Approval polls have become a spectator sport of sorts during the Trump presidency. President Donald Trump seems to enjoy touting his good results as much as his opponents relish the opportunity to mention the poor ones. But it's unlikely the president will share his so-called "E-Score" with his Twitter followers. Trump's E-Score described him as "aggressive" and "mean," according to a new report from The New York Times — and he had very low scores in several notable positive attributes on the same scoring system.
E-Poll Market Research puts together a poll that tracks public opinion on prominent people in terms of both their appeal and how well known they are. E-Scores aren't public; instead, businesses like advertising and marketing firms and television networks pay a hefty amount to subscribe to the polls — $17,000 a year, according to The New York Times. The paper obtained a poll from December, and the results were not flattering for the president.
"Aggressive" and "mean" were the terms most often used to describe Trump, at 48 and 38 percent respectively. The terms least often connected to him were “sexy,” “impartial,” “handsome,” and “physically fit,” which all scored between zero and 4 percent, according to The Times.
“Insincere,” “confident,” and “creepy” were three other terms that The Times noted were often associated with Trump, as was “overexposed.” The E-Score also looks at overall negative and positive appeal, where Trump also didn't fare well: according to The Times, his overall strong positive appeal stands at 14 percent, whereas his overall strong negative appeal is 39 percent.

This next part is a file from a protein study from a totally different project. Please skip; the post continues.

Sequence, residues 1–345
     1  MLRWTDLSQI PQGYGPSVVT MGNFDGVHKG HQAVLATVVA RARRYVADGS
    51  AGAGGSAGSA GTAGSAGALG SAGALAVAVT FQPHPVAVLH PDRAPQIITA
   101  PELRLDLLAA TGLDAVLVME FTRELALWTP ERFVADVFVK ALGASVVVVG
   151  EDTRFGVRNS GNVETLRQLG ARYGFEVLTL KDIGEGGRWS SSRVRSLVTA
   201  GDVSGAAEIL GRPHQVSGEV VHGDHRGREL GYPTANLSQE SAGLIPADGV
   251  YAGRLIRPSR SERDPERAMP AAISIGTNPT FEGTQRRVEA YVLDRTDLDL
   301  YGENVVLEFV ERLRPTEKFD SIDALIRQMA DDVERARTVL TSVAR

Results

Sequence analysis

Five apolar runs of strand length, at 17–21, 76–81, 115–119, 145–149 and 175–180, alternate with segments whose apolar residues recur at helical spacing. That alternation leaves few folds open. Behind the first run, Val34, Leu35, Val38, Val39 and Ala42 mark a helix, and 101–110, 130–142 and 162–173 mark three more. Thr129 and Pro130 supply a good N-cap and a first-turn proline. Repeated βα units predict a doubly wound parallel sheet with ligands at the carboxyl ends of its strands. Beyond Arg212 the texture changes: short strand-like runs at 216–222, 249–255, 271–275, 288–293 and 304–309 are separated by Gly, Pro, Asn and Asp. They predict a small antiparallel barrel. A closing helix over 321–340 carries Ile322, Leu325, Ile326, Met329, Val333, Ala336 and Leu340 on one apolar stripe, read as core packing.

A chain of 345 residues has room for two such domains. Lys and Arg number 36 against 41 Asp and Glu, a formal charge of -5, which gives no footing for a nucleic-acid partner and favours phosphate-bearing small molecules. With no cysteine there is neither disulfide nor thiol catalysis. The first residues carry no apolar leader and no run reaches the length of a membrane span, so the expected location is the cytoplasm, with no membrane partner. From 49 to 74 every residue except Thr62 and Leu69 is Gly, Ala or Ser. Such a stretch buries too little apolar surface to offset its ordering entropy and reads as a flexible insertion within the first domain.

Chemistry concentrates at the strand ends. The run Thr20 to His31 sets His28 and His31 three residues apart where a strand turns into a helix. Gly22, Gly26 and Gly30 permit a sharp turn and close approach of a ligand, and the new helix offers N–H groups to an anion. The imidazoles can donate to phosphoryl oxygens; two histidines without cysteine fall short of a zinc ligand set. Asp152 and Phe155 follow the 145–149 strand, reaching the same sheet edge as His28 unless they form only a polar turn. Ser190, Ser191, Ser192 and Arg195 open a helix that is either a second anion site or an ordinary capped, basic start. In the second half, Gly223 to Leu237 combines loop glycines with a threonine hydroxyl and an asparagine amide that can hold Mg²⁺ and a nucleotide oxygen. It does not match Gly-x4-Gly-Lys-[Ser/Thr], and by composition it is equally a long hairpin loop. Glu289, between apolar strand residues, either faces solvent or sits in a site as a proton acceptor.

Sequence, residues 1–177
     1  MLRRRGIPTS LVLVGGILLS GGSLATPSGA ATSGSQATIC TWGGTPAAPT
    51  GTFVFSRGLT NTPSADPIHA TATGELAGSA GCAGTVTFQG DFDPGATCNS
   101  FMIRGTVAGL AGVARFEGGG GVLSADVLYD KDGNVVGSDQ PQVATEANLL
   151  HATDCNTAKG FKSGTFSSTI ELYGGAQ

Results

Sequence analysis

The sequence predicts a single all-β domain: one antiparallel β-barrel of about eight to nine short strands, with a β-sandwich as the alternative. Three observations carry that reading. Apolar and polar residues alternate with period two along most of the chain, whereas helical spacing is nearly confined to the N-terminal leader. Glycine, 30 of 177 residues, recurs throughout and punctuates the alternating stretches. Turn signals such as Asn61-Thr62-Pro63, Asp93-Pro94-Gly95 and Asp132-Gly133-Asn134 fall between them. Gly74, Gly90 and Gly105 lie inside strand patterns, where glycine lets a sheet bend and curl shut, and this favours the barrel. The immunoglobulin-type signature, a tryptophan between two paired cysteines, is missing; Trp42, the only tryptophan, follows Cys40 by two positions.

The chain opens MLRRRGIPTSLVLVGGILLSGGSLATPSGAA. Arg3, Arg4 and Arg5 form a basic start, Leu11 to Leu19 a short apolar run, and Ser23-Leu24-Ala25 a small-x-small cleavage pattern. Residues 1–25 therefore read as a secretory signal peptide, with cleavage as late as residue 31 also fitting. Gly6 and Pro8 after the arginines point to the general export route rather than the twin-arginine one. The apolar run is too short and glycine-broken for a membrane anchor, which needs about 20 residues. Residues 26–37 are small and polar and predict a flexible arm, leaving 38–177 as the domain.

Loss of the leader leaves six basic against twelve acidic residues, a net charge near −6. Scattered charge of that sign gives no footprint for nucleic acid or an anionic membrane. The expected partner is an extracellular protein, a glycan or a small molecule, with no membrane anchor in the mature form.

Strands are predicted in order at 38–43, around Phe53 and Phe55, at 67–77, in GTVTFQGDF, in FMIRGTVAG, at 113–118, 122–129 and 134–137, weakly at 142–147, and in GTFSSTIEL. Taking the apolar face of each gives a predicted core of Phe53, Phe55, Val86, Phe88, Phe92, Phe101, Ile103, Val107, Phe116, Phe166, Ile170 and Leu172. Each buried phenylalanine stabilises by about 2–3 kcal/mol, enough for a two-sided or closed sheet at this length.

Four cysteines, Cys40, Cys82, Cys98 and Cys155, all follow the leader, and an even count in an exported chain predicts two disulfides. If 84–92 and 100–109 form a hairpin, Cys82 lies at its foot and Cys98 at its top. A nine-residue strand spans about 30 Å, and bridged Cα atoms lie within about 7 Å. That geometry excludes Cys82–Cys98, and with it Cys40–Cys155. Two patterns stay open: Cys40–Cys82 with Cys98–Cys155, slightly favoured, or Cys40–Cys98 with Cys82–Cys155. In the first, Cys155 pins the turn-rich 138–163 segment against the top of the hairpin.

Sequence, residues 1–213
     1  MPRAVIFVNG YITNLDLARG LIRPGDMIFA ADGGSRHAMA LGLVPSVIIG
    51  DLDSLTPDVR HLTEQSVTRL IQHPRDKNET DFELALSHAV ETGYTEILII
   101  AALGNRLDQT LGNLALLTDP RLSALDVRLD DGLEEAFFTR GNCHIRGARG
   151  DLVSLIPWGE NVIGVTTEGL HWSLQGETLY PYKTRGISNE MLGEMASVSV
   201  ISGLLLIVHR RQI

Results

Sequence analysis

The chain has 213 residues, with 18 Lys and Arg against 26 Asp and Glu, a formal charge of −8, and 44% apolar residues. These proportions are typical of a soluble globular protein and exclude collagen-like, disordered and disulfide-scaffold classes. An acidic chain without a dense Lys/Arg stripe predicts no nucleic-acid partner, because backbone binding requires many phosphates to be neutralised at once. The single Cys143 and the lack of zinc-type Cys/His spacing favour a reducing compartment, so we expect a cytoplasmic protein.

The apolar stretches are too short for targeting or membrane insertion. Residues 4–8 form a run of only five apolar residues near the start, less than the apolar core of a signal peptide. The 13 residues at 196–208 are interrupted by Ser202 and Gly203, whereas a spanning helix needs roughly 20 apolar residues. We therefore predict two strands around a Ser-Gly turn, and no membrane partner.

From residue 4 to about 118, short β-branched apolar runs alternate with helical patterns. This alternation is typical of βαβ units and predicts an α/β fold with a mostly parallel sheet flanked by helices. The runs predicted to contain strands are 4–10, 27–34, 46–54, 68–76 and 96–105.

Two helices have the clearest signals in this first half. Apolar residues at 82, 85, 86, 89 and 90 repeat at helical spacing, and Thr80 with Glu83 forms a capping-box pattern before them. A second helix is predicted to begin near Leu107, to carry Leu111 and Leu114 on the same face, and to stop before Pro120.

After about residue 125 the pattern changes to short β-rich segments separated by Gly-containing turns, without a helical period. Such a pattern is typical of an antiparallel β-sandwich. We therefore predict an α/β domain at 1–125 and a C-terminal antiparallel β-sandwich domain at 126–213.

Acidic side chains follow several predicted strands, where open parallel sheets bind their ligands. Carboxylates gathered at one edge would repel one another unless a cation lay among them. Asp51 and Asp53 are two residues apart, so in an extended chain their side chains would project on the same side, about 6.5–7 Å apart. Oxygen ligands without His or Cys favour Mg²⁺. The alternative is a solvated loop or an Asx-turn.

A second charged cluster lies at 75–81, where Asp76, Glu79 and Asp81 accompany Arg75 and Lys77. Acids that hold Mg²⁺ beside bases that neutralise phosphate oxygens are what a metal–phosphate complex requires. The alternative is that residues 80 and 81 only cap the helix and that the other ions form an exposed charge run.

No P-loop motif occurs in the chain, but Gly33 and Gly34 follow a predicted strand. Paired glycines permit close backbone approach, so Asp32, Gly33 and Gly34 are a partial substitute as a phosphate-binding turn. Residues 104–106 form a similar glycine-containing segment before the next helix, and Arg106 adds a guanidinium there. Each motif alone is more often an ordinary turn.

These numbers come in just a little bit worse than his approval rating in the standard political favorability polls. Take the YouGov poll conducted March 30-31, which found that 24 percent of registered voters strongly approve of Trump and 38 percent strongly disapprove. The two types of ratings are used for very different purposes, of course. While public opinion polls like those done at YouGov are ripe for scrutiny in the public eye, a spokesperson for E-Poll Market Research did not condone the E-Score's use in The Times' article.
“We do not approve of the use of E-Poll’s data in this story and cannot confirm or deny the information you were given,” he told The Times.
The E-Score also tracked the public's opinion on Ivanka Trump, whose White House role has become less and less prominent as her father's presidency has gone on. Her name recognition still hovers around 70 percent in the E-Score, though, according to The Times — but it's a different story for her net positive and negative ratings.
Her overall strong positive appeal is just 12 percent, compared with an overall strong negative appeal of 21 percent. After her almost constant presence towards the end of the 2016 campaign, Ivanka had a much smaller role in 2018, as Glamour explained.
These E-Score ratings may not matter in terms of Trump's ability to push his policies through or remain in office. But the president's critics are likely to have a field day with this one.